was buying an annuity or old-age insurance. The writing of insurance language
    into the law in 1939, and the creation of the Trust Fund, strengthened the

    The fact is, however, Social Security is not insurance. It lacks the char­acteristics of true insurance. For one thing, as former Social Security Com­missioner Arthur
    Altmeyer admitted in the Social Security hearings held in 1953 by Congressman
    Carl T. Curtis, Social Security has no contract, and a beneficiary’s rights are
    statutory, not contractual, and are subject to revision by Congress.

    Moreover, insurance scholars describe insurance as a method of risk man­agement employing risk pooling and risk transfer. Social Security contains neither. Under
    risk pooling, a large population of persons, each of whom faces the uncertain
    prospect of a large loss, shares the risk by means of each person paying a
    small sum called a premium, which is based on actuarial calculations of the
    probability of that person’s suffering the loss, thereby creating a fund out of
    which members of this population are compensated if the risk being insured
    against eventuates.

    Social Security taxes, however, are not true premiums because they do not reflect any actuarial calculation of risk borne by the taxpaying worker. Therefore the payroll tax is not a means of true risk pooling. Rather, it is set to cover the costs of
    benefits, the size of which is governed by ideological and political, not
    actuarial, considerations.16

    For example, two workers might pay the same amount of OASDI taxes all their working lives, yet one will get a benefit 50 percent higher than the other if he is married and the other is single. This has no actuarial basis; no insurance company offers annuities paying higher incomes merely because the beneficiary is married. Such arbitrary adjustments of benefits make a mockery of the idea that Social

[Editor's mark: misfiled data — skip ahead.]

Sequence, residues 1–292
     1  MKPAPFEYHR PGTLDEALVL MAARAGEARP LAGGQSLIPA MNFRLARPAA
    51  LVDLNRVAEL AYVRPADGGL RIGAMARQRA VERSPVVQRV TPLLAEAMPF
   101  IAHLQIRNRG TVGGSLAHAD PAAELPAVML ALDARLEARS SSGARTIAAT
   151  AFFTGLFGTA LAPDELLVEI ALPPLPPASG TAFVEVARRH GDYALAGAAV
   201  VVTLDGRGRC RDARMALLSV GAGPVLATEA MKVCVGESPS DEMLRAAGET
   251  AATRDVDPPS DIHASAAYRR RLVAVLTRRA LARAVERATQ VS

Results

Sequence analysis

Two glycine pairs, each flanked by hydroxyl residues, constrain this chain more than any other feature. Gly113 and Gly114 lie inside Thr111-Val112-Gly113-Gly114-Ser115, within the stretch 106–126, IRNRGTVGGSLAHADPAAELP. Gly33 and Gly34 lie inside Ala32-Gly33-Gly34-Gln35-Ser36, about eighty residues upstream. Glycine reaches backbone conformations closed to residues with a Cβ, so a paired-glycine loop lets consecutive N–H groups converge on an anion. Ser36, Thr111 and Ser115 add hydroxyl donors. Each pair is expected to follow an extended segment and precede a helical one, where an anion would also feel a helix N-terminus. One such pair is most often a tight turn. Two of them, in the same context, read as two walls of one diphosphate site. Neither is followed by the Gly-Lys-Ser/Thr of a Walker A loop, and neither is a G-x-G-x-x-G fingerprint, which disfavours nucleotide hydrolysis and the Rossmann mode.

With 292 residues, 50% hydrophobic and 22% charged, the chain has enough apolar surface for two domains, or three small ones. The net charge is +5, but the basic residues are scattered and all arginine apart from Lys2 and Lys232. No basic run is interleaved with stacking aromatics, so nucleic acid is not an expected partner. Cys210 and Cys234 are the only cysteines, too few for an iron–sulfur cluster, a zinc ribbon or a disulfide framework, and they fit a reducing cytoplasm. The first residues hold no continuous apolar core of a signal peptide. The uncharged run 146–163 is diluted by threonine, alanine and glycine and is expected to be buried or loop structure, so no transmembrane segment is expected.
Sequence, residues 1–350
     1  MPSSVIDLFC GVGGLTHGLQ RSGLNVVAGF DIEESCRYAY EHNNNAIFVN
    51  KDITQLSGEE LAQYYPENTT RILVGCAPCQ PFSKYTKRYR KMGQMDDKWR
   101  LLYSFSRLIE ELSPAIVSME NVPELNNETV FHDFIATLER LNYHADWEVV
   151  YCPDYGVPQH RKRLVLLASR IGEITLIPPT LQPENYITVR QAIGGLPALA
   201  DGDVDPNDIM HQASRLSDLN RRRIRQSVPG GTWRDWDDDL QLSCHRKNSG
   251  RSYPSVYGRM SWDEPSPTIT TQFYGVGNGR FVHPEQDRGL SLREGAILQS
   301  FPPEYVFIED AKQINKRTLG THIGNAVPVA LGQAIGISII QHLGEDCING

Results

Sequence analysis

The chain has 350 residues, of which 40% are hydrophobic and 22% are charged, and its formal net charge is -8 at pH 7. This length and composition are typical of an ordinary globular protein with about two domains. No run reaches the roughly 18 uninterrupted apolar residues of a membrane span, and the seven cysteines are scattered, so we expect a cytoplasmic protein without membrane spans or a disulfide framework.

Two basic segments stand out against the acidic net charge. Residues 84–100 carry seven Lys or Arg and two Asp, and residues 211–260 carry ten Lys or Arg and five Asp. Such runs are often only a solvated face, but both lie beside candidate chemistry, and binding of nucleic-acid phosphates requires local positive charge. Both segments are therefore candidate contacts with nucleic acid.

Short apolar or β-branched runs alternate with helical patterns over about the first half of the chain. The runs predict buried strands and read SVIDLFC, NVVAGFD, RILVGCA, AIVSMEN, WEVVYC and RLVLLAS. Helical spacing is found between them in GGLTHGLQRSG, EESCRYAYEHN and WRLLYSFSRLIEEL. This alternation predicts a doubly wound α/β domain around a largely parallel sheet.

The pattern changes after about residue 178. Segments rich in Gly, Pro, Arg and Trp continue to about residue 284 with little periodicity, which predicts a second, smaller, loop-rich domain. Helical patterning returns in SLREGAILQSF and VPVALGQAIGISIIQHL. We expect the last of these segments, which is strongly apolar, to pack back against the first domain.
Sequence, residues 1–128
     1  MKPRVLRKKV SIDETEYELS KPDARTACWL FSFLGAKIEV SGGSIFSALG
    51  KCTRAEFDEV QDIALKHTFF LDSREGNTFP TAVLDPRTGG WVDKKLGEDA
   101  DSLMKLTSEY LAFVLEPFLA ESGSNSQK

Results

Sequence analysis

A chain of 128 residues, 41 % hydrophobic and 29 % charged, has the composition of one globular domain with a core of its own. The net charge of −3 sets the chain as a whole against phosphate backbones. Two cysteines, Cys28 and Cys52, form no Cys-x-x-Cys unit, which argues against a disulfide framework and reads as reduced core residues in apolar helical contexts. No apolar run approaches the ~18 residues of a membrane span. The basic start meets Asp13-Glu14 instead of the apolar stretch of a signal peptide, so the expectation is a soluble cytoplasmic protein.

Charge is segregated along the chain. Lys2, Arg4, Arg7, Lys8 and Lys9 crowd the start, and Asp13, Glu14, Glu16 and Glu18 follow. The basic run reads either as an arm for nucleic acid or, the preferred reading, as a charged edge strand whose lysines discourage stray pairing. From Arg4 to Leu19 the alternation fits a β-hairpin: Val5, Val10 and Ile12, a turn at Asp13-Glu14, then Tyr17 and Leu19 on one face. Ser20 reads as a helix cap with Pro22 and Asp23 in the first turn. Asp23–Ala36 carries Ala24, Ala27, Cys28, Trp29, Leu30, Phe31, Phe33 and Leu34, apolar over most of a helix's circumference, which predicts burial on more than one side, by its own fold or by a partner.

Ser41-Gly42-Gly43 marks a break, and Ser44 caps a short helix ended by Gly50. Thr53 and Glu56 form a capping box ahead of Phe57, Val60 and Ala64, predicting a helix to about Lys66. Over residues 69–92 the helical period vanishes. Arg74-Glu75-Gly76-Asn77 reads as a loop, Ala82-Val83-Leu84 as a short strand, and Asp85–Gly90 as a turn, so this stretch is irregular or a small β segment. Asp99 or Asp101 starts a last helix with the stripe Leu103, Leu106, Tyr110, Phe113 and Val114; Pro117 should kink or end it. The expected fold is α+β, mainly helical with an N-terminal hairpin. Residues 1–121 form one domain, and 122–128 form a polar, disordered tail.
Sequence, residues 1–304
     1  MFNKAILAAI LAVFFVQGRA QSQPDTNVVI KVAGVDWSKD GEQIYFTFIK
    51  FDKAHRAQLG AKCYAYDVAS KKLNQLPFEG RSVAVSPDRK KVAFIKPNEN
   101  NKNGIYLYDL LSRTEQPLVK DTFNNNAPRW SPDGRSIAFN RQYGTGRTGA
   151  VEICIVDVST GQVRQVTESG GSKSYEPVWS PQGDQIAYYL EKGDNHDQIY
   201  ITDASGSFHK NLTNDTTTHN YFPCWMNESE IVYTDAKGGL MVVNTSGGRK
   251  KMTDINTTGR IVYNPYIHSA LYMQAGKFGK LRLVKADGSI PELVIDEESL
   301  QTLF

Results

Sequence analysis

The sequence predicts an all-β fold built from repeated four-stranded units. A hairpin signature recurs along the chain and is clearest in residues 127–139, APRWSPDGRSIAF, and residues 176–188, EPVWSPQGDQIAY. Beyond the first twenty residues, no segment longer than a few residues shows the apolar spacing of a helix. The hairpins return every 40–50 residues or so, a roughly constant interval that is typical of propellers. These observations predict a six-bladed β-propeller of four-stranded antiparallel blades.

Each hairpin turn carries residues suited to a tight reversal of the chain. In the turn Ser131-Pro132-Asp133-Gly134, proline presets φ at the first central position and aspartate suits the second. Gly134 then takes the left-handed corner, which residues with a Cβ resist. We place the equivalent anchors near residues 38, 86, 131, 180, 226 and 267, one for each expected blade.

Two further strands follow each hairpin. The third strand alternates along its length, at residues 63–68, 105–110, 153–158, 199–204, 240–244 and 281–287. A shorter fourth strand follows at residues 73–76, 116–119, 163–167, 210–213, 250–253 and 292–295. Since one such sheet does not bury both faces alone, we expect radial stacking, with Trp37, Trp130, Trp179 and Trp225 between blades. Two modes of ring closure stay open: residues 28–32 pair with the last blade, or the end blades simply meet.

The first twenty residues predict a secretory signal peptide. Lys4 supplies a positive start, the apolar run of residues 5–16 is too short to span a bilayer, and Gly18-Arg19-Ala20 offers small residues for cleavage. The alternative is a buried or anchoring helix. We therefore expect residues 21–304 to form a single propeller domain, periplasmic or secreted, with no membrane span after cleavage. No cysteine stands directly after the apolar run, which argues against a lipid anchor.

Security is insurance.

    Risk transfer means that the possibility of financial loss caused by the risk’s eventuating has been shifted from the individual to the insurer. An insurance company sets its premiums based on actuarial calculations of risk, and invests the revenues. If the calculations are inaccurate or the investments turn out badly, the company risks loss or even bankruptcy.

    Under insurance, policyholders buy claims on the insurer, who bears a risk of loss or ruin if its resources do not suffice to meet those claims. Un­der Social Security,
    however, you “buy” a claim not on the “insurer,” but on other taxpayers. And if
    the program’s revenues are inadequate to pay benefits, Congress can, as it has
    in the past, simply raise the OASDI tax or lower benefits. Risk is transferred,
    then, not to the “insurer” but to the taxpayers or beneficiaries. The alleged
    “insurer” assumes no risk at all.

    Furthermore, insurance companies invest premium receipts in stocks, bonds, and other instruments to build up assets to help them meet future obligations to
    policyholders. Social Security, by contrast, does not have this forward
    funding. Indeed, since it is legally barred from buying private financial
    instruments, forward funding for OASDI is impossible.

    The retirement earnings test, which functioned as a means test, neces­sarily exploded the depiction of Social Security as a program of annuities. Payment of a true annuity is not conditional on the income or assets of the beneficiary.

    Finally, Social Security’s financial mechanism is redistribution, not in­surance. Whereas under insurance annuities are paid out of a fund built up from invested premiums, under Social Security money is taxed from one group and transferred immediately to another—just as is done under any other welfare program.


    August 11, 2015